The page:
At one point during her November 1 show at New York’s Terminal 5, 20-year-old Mikaela Straus—better known as King Princess—looked out at the crowd and announced, “I’m gay.” Once the cheers died down just a bit, the pop up-and-comer performed “1950,” her first single from 2018. “I hate it when dudes try to chase me,” Straus sang. “But I love it when you try to save me.” Of course, her fans knew all the words.
I first fell for King Princess with the June 2018 release of her debut five-song EP, Make My Bed. On my favorite track, “Talia,” Straus unsuccessfully and repeatedly attempts to bury the memory of a girl who broke her heart; then, on “Upper West Side,” she rolls her eyes at someone she reluctantly can’t stop thinking about. Her songs are as vulnerable as they are snarky, and her voice is silk-smooth and seductive.
King Princess just dropped her first full-length album on October 25. Cheap Queen features songs just as timeless, sultry, and honest as the ones on Make My Bed—as Straus previously told Them, “I’m not somebody with chill, so my writing has no chill, either.” On this new album, Straus explores practically every step of falling in love or lust (“Homegirl”), breaking up (“Watching My Phone”), and all the messy in-betweens (“Ain’t Together”). To support the release, she played two sold-out hometown shows in New York.
Straus kicked off her set with the emotional ballad “Isabel’s Moment” before segueing into “Tough On Myself,” the album’s opener. She is an unquestionably natural performer—Straus owned her stage with such painless confidence that even the saddest, most exposed songs off Cheap Queen sounded new. On her record, the unapologetically devastated “You Destroyed My Heart” is the perfect background music for a moment of bitterness and loss, but live, the song turned harder, angrier as Straus sang, “You broke my heart/Now I want somebody good.” Other standouts included her concluding performance of “Hit the Back” and her encore, “Ohio,” a track that, reportedly, almost made it onto Cheap Queen.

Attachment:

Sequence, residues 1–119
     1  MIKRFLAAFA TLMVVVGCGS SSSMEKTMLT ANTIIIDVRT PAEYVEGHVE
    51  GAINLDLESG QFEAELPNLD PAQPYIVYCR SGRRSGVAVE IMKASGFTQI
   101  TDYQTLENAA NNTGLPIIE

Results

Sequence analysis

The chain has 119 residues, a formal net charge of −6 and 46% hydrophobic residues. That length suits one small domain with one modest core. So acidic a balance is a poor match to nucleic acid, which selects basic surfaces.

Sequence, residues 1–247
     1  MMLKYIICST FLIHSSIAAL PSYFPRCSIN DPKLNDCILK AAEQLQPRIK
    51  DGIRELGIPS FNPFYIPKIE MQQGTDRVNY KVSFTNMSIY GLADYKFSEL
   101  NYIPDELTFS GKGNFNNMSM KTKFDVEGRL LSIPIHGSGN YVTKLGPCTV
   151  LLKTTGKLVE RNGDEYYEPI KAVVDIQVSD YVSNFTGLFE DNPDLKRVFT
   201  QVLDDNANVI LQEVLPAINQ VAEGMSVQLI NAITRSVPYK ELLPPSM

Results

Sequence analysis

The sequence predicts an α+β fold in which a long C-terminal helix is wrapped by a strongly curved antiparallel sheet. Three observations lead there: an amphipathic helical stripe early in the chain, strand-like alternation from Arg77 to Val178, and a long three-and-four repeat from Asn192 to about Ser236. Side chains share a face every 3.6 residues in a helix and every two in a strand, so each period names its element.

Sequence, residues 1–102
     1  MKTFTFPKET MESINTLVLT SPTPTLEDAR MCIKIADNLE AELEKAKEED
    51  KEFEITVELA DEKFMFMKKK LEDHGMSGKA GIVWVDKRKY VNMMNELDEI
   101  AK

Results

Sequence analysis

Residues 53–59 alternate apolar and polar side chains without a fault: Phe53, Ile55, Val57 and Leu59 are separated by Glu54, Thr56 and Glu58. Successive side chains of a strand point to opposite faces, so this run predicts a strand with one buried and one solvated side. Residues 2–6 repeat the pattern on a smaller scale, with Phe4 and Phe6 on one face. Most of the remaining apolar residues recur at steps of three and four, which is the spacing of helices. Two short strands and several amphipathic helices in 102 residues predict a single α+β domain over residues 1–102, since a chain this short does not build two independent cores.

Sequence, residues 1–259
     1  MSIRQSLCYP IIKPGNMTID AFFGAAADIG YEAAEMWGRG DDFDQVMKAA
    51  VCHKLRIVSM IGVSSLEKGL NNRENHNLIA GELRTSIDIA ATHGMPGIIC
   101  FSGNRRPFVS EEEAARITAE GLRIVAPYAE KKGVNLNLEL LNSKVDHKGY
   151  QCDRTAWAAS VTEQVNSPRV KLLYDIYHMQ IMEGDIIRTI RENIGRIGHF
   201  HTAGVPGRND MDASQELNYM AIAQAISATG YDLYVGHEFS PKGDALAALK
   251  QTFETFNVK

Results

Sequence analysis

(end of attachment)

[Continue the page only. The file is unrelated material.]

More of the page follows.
What was almost as amazing as Straus’ performance, though, was the community she created in three hours. At the end of the show, I noticed two girls, both a bit younger than me and giddy from a post-concert high, struggling to take a selfie. When I offered to take a photo for them, they assumed the position: one wrapped her arm around the other’s waist and kissed her cheek. I jokingly texted my friend—ugh, the KP concert made me want a girlfriend—but more than that, it made me think of my younger self circa 2010, dressed up in neon Spandex for Justin Bieber’s My World tour, laser-focused on each of Bieber’s movements, bathing in the warmth that comes from dancing with so many girls who had waited months and months and months for one specific moment.
I’ll never know what it would have been like, as a teen girl, to have had a heartthrob like King Princess to look up to and to crush on, someone who writes sexy, emotional songs about desiring other women, fucking other women, and—well—sometimes losing other women, too. At her show, I was surrounded by queer teens and adults alike who saw the same thing I did: a pop star who cared about making music for us. Someone who chose to open her sold-out shows with performances by local drag queens; someone who smirked when audience members threw bras onstage.
But maybe it feels like the kind of love Straus describes in “1950”: “Tell me why my gods look like you,” she sings.
Every time, her fans sing along.
Top photo: King Princess at Terminal 5, November 1, 2019
More from BUST
Lydia Wang is a writer, a Pisces, and one of BUST's digital editors. Find her on Twitter or say hi: firstname.lastname@example.org.